In agreement with previous studies16,17,26, we demonstrated that chorioamnionitis is associated with an increased risk of cerebral palsy. While there is ample evidence linking maternal chorioamnionitis with an increased risk of cerebral palsy in the child, the causal pathway to the development of cerebral palsy remains elusive. One proposed mechanism, supported by murine models13,27, suggests that systemic inflammation rather than a purely local process contributes to the elevated cerebral palsy by potentiating injury in the developing brain. Prompted by this hypothesis, we examined the association of non-chorioamnionitis GU infections, which would also cause a systemic inflammatory response in the fetus. Previous literature regarding other non-chorioamnionitis GU infections has produced conflicting results with some studies finding an association with cerebral palsy18,19 while others did not8. In this study, we did find a statistically significant increase in risk of cerebral palsy in the child. This association remains significant irrespective of the timing of the infection during pregnancy and the gestational age of the infant and after correction for known risk factors for cerebral palsy.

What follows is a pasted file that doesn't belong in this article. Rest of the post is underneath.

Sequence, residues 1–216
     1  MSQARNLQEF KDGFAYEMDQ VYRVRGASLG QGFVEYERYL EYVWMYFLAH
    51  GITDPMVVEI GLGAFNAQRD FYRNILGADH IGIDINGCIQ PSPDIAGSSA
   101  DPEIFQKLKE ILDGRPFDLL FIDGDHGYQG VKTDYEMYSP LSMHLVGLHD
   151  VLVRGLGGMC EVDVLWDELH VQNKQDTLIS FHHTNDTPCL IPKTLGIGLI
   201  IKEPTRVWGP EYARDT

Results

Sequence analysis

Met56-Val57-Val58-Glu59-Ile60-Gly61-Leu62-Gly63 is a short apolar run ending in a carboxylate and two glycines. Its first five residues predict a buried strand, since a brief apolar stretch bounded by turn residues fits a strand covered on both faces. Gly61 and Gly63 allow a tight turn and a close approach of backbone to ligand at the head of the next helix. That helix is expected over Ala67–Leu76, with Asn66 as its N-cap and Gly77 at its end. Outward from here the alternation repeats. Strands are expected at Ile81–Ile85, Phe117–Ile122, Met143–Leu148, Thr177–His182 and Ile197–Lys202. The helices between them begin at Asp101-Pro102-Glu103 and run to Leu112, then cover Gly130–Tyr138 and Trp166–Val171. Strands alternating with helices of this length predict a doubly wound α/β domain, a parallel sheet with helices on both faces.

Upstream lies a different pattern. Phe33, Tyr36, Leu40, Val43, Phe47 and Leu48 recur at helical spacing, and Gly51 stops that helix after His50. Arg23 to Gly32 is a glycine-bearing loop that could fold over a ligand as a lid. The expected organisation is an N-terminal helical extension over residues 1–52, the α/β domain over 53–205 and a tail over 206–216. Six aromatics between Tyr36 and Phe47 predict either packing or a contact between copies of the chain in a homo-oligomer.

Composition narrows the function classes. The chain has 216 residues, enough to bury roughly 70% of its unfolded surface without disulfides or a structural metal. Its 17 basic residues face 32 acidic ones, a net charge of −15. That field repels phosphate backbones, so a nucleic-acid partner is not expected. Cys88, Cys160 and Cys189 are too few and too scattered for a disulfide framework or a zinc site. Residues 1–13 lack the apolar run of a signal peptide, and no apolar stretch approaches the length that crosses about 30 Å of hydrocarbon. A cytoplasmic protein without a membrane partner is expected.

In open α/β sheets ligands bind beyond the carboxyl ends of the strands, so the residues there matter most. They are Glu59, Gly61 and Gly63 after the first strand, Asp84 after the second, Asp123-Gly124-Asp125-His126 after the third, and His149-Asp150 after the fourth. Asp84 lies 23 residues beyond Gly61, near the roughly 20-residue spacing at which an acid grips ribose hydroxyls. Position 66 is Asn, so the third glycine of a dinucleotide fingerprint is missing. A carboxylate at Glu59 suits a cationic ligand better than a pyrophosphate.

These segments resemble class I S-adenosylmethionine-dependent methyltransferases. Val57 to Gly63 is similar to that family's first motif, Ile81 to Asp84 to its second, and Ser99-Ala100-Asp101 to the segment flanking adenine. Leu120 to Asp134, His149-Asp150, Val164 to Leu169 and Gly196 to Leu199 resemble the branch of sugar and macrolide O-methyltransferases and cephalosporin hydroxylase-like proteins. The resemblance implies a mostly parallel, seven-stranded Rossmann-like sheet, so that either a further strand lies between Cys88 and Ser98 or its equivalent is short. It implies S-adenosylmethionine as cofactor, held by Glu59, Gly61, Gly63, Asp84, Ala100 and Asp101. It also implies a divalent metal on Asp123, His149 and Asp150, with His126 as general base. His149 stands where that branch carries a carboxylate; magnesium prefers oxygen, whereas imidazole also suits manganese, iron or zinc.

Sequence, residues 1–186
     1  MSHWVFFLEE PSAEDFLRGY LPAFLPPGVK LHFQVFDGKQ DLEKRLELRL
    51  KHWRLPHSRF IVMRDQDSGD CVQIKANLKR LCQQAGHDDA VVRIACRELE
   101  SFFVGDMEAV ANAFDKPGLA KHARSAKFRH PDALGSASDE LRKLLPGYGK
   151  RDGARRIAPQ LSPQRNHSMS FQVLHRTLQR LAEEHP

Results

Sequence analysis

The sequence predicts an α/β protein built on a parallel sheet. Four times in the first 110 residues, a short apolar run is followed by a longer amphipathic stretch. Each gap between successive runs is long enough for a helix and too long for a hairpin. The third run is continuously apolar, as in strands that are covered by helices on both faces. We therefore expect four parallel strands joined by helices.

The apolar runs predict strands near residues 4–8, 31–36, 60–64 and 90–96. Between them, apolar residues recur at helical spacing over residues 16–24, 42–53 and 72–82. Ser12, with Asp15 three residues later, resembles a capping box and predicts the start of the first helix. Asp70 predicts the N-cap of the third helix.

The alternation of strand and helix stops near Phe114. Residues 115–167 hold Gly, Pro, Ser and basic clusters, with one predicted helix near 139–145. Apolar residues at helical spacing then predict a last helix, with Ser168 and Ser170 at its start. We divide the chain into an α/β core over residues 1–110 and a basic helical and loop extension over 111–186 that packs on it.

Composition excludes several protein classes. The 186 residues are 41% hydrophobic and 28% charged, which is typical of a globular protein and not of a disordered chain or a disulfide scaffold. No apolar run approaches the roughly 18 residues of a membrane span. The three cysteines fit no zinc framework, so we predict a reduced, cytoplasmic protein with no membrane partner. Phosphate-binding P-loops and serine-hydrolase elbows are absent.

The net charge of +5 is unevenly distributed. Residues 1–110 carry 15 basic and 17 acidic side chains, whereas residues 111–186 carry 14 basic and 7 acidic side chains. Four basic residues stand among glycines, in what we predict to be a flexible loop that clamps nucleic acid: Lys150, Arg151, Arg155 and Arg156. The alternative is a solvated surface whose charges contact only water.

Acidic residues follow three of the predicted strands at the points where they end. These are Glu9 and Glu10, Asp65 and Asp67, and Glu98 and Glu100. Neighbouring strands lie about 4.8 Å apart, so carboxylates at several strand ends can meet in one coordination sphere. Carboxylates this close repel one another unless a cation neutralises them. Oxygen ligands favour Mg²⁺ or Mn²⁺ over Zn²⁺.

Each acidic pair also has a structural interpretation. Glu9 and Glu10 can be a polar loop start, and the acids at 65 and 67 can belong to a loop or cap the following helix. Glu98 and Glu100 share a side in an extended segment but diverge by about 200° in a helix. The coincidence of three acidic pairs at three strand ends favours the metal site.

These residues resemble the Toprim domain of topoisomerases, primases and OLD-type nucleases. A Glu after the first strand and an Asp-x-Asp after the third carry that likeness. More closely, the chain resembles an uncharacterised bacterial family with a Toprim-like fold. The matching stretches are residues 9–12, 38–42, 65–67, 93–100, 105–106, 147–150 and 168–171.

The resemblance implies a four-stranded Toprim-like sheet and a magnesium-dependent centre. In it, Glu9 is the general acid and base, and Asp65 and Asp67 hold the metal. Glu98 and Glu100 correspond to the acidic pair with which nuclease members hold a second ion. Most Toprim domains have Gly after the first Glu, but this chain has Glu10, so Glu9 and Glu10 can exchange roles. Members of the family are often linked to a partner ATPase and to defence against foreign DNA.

This is the first study to demonstrate an association between maternal respiratory infection during pregnancy and risk of cerebral palsy in the fetus. The increased risk was statistically significant in both term and preterm infants, and regardless of whether diagnosed during a prenatal or birth hospitalization. The few published studies looking at extra-amniotic infections outside the genitourinary system have not shown an increased risk of cerebral palsy8,25. Prior studies could have underestimated the association by including less severe infections that did not require hospitalization; alternatively, a threshold level of severity as present in our study of hospitalized patients could be a necessary component of the association. Prior studies might also have been limited by smaller sample sizes. There are several potential explanations for the association between prenatal respiratory infections and cerebral palsy seen in our study. First, respiratory infections of sufficient severity to occur during a hospitalization might lead to a systemic inflammatory response that predisposes the fetal brain to injury, a mechanism that has been previously suggested for intra-amniotic infections12. The respiratory infection could lead to a prolonged period of maternal hypoxemia that could then cause or predispose the fetal brain to injury. The antibiotics themselves used to treat infections during the hospitalization could also contribute to the risk of developing cerebral palsy as suggested by the ORACLE II trial28. Further research is needed to confirm our results and to explore the etiology of the increased risk of cerebral palsy with respiratory infection exposure.